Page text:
UGA GreenWay News

A Greener Way of Living, at Home and Abroad

Lead Poisoning is Preventable

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Examples of products that contain lead

This past week was Lead Poisoning Prevention Week.  It was good to have a week focused on lead poisoning, but we really need to pay attention to the dangers of lead year around.  Lead poisoning is often preventable.  The most common sources of lead poisoning are lead paint chips and dust.  In 1978 lead was finally removed from residential paints in the United States; however, there are still a lot of old buildings that contain peeling and chipping lead paint.  Paint isn’t the only source in and around your home.  Whether you live in an older home or a new one, you and your child could be exposed to lead.  It can be found in glazes on pottery (new and old), cut crystal, imported toys and jewelry, vinyl window frames and blinds, traditional home health remedies,  and even the paint on your mug or child’s a bottle.

 Why  does it matter?  

Lead is a heavy metal that can affect you and your children.  Low levels of lead in a child’s blood can damage their brain and nervous system, resulting in lower IQ and behavior problems.  Adults can suffer from reproductive problems and high blood pressure.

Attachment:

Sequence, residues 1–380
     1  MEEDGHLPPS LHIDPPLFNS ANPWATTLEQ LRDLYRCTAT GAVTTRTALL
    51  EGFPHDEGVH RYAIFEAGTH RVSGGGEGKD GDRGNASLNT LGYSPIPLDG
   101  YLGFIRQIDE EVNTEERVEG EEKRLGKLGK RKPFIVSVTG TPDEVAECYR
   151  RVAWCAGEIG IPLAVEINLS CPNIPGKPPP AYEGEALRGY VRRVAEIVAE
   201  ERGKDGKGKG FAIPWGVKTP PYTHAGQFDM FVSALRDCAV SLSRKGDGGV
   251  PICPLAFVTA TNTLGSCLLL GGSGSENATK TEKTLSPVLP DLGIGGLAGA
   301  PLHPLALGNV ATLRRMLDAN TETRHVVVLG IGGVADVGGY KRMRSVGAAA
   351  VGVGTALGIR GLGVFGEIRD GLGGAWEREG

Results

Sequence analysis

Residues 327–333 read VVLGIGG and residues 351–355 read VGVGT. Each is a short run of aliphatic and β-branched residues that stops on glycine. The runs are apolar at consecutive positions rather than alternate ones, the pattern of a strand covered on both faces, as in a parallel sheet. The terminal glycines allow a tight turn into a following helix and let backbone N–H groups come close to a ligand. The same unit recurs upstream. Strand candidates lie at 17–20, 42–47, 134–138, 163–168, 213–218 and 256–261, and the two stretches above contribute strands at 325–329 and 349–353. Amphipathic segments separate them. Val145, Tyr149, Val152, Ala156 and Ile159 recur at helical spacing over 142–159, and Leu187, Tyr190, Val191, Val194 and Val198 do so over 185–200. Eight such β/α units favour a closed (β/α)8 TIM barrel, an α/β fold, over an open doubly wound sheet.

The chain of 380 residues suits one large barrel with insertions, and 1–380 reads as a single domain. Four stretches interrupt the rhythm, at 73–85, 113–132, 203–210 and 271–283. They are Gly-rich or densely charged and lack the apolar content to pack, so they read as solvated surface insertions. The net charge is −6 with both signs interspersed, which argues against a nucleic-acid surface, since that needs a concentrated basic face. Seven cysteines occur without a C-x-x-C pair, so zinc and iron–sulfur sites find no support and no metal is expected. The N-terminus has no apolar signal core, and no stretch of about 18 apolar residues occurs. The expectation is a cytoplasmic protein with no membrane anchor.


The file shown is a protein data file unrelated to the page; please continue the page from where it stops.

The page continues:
Here are three things you can do to reduce exposure to lead in your home.

1. Keep you home clean and dust-free

2. Inspect and maintain painted surfaces to prevent paint deterioration

3. Teach your children to wash their hands often, especially after playing outdoors

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Checking for lead with an XRF Analyzer

For more ways to reduce your family’s exposure to lead, go to


About Pamela Turner

I am an Associate Professor and Extension Housing & Environment Specialist at the University of Georgia. I have a passion for helping people improve their home environment and live greener and healthier lives. An important part of that is helping people weed through all of the information to find trustworthy sources.

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